Father Sirico was the only speaker at the conference — which included Catholic thinkers who have long praised the potential of the free-market economy — to speak directly about the current crisis.

Read the full story on the CNS site.

Blog author: jcouretas
posted by on Thursday, December 4, 2008


In the inaugural lecture of the Center for the Study of Judaism and Economics at the Jerusalem Institute for Market Studies, Nobel Laureate economist Professor Robert (Yisrael) Aumann talked about the link between economics, Judaism and the current economic downturn. Aumann argues that Judaism subscribes to a market philosophy and contains a blueprint for solving today’s economic woes.

The JIMS has the lecture archived on its YouTube page in three parts here.

In an article written for Israeli magazine Global Business, Corinne Sauer of the Jerusalem Institute said Aumann’s lecture showed how the Torah and the Talmud acknowledge the importance of economic incentives within a competitive market economy.

As one example of fundamental market-oriented principles inherent in Judaism, Professor Aumman cited the support in the Talmud for unfettered price competition, adding that the Talmud preceded Adam Smith’s groundbreaking ideas on price competition by hundreds of years. In the Talmud, there is absolutely no room for price fixing; only support for ensuring the use of honest weights and measures. In a competitive market economy, the firm selling at the highest price will either go out of business or be forced to decrease its price in order to survive.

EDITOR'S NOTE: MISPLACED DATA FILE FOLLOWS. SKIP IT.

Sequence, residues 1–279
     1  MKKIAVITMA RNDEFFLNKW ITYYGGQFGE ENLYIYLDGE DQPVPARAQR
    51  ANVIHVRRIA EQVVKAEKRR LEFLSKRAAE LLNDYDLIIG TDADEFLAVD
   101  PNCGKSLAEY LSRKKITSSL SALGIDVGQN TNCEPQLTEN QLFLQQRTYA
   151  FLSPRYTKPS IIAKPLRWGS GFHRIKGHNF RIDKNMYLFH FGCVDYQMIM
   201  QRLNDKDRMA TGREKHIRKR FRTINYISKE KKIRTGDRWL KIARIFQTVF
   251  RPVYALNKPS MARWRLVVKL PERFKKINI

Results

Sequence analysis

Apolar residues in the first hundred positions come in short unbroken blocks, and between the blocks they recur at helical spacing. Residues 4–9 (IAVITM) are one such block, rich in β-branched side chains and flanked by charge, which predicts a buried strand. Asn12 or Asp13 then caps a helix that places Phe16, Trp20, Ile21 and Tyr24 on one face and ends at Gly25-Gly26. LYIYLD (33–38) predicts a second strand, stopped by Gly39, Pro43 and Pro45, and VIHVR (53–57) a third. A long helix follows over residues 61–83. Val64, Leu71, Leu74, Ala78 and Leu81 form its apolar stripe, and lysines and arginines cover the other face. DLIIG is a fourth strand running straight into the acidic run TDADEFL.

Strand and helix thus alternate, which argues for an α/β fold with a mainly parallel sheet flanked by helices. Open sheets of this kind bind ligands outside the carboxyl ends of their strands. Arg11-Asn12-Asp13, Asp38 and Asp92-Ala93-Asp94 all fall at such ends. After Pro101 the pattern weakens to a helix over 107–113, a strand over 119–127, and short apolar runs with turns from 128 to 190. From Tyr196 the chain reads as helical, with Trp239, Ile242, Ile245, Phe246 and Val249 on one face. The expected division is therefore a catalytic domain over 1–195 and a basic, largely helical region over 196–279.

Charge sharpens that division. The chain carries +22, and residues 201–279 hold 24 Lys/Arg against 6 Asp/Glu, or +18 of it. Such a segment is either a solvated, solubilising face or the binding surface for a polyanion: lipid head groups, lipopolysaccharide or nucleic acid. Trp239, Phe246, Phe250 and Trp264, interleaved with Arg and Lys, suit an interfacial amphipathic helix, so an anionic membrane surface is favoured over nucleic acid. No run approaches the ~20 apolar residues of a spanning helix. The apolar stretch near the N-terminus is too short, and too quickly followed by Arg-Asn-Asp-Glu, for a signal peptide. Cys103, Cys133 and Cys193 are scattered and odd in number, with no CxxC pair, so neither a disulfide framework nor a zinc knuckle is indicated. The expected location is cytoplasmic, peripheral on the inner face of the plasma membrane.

Blog author: jcouretas
posted by on Tuesday, November 25, 2008

National Review Online today published Rev. Robert Sirico’s “A House Built on Sand,” his Acton commentary on the financial crisis.

Wall Street has been skewered and denounced in almost every attempt to examine the moral dimension of this crisis. Yet, Wall Street is too often denounced for all the wrong reasons — as a surrogate for the free economy, for seeking and making a profit, as though the alternative was somehow a preferable moral result.

No, if we are going to offer a moral critique of Wall Street, this should not be done because free markets allocate and produce capital, without which people’s homes and savings evaporate. Rather, it should be done because all these previously private businesses are now waddling up to the governmental trough begging to be nationalized and asking for their share of the dole.

Rev. Sirico was also a featured speaker on the recently concluded National Review 2008 Post-Election Caribbean Cruise, which drew more than 700 attendees. Jim Geraghty, on NRO’s Campaign Spot, offered a review of the event and this about Rev. Sirico’s panel of speakers:

If that panel had a surprise star, though, it was Father Robert Sirico of the Acton Institute, who cut through a lot of numerical haze by pointing out the moral dimensions of all economic choices – and that it is morally wrong to accept a loan that you know you are unlikely to be able to repay, and that it is equally wrong to loan money that is not yours to someone you know is unlikely to pay it back. At the heart of the housing/banking/market chaos is a lot of people who faced a choice that they had to know was wrong on some level, and did it anyway.

Blog author: jballor
posted by on Friday, November 7, 2008

Posted at the Center for a Just Society (notice courtesy the National Humanities Institute), Dr. Mark T. Mitchell asks a series of questions focused on the intersection between morality and economics in light of the recent financial crisis. In “Ten Questions and a Modest Proposal,” Dr. Mitchell invokes the institute’s namesake and this blog’s tagline.

In question number 9, Dr. Mitchell says,